jQuery provides simple methods for attaching event handlers to selections.
When an event occurs, the provided function is executed. Inside the function,
this refers to the element that was clicked.
For details on jQuery events, visit http://api.jquery.com/category/events/.
The event handling function can receive an event object. This
object can be used to determine the nature of the event, and to
prevent the event's default behavior.
For details on the event object, visit http://api.jquery.com/category/events/event-object/.
jQuery makes it trivial to add simple effects to your page. Effects can use the built-in settings, or provide a customized duration. You can also create custom animations of arbitrary CSS properties.
For complete details on jQuery effects, visit http://api.jquery.com/category/effects/.
A jQuery plugin is simply a new method that we use to extend jQuery's prototype
object. By extending the prototype object you enable all jQuery objects
to inherit any methods that you add. Once the plugin is established,
whenever you call $() you're creating a new jQuery object, with your
plugin now method included along with all of jQuery's existing methods.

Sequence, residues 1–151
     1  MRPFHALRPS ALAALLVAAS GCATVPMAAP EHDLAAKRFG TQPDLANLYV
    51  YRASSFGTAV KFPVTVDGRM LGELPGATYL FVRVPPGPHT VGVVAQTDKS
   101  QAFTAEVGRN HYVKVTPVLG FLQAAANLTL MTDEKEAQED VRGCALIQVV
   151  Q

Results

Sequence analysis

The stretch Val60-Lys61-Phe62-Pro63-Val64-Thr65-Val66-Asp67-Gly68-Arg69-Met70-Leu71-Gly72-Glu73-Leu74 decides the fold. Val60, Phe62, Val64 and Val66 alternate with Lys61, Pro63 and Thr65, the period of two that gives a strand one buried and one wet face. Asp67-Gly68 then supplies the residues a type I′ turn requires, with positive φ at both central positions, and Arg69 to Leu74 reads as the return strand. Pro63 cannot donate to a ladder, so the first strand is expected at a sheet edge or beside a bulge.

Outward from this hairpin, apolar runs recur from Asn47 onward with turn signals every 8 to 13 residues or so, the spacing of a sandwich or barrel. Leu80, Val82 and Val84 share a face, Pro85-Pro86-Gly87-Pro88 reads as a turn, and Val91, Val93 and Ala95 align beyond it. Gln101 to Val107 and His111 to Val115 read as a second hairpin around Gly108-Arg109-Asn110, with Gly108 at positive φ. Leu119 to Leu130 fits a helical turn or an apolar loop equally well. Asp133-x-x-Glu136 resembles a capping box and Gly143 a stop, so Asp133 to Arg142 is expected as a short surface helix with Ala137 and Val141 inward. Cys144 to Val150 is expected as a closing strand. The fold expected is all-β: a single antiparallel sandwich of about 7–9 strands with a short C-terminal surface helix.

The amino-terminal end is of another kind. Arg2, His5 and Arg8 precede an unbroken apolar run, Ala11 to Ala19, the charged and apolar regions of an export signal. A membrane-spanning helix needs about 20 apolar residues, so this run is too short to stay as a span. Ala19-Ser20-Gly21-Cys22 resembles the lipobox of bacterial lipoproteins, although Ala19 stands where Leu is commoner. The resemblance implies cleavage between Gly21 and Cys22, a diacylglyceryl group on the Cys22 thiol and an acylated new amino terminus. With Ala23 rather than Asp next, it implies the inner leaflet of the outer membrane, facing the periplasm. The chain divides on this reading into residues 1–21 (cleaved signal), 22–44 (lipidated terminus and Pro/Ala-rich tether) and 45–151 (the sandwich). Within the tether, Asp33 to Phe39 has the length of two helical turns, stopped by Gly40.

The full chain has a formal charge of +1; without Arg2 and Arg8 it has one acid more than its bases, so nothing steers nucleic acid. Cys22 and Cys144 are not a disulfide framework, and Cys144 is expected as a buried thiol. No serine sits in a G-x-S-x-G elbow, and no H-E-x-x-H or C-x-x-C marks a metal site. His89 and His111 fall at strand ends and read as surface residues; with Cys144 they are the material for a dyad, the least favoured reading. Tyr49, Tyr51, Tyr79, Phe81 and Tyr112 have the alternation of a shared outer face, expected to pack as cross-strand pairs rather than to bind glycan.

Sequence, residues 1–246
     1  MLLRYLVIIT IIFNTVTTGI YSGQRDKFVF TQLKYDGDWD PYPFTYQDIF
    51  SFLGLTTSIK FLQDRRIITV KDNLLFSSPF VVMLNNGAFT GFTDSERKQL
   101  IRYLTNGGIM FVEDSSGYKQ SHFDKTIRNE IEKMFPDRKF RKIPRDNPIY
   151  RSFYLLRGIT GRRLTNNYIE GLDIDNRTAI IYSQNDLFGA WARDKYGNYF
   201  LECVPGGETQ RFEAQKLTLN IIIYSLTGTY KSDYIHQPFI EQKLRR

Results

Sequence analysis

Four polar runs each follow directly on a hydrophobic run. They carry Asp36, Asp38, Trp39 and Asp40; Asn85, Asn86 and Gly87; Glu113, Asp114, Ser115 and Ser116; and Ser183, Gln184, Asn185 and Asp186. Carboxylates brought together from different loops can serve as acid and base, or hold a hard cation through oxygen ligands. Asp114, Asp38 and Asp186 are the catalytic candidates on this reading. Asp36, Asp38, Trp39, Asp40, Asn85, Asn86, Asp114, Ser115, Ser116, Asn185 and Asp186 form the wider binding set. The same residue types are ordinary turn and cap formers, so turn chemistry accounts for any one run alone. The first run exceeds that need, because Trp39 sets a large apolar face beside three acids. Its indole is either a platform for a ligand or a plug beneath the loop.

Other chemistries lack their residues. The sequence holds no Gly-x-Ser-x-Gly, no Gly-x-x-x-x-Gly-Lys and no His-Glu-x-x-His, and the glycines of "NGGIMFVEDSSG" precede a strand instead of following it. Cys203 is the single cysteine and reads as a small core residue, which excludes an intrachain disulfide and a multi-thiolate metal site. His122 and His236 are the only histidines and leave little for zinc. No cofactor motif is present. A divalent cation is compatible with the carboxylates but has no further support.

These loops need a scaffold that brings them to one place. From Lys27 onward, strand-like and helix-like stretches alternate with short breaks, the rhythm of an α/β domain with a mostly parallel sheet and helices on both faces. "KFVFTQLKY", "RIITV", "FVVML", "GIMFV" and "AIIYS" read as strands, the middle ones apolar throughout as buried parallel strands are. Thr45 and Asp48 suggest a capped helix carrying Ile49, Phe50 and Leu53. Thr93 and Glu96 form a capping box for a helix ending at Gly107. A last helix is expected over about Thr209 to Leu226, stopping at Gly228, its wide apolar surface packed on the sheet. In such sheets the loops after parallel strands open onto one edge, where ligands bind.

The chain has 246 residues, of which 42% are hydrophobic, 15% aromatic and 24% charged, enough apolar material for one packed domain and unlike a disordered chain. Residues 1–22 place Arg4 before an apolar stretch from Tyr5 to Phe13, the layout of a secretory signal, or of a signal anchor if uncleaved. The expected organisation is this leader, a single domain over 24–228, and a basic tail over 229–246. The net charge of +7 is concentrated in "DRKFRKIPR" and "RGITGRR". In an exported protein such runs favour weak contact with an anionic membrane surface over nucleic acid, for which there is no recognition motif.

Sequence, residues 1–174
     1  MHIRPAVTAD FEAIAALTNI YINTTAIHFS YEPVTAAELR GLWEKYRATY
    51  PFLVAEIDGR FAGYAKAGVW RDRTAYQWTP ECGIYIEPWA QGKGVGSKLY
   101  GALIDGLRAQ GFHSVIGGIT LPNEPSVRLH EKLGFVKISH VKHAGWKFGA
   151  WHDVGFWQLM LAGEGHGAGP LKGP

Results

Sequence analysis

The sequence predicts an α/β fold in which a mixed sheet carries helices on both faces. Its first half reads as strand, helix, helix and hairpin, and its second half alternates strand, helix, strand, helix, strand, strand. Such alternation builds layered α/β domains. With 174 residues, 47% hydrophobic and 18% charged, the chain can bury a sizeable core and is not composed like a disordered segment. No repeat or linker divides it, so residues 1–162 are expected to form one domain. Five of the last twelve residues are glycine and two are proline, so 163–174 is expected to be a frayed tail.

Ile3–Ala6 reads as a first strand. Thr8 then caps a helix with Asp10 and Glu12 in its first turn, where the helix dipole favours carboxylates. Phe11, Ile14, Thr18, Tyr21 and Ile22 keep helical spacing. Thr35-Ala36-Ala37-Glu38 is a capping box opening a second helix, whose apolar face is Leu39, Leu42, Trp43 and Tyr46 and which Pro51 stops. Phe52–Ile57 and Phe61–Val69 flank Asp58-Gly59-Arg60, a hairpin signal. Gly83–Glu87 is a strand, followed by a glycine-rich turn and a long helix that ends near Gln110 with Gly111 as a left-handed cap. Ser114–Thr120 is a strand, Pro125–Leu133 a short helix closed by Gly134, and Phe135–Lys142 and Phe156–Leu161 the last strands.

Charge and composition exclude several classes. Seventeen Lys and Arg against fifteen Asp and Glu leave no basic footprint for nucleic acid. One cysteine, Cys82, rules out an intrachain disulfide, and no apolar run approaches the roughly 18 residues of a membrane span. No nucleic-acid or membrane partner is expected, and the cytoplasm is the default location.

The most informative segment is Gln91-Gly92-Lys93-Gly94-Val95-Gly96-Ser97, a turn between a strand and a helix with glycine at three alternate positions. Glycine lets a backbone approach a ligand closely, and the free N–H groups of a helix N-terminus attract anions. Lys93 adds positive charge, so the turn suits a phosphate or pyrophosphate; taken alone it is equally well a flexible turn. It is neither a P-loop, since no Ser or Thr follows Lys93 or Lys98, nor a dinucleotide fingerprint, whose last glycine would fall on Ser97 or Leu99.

The idea of a plugin is to do something with a collection of elements.
You could consider each method that comes with the jQuery core
a plugin, like fadeOut or addClass.
You can make your own plugins and use them privately in your
code or you can release them into the wild. There are thousands
of jQuery plugins available online. The barrier to creating a plugin
of your own is so low that you'll want to do it straight away!
We're all familiar with the basic events, click, mouseover, focus, blur,
submit, etc., that we can latch on to as a user interacts with the browser.
Custom events open up a whole new world of event-driven programming.
In this chapter, we'll use jQuery's custom events system to make a simple
form designing application.
jQuery's family of UI interface libraries - jQuery UI for desktops, and jQuery Mobile for smartphones and tablets - offer a set of interactions, widgets, events, and animations to solve common user-interface challenges. Both are well-documented, thoroughly tested, and easy to use.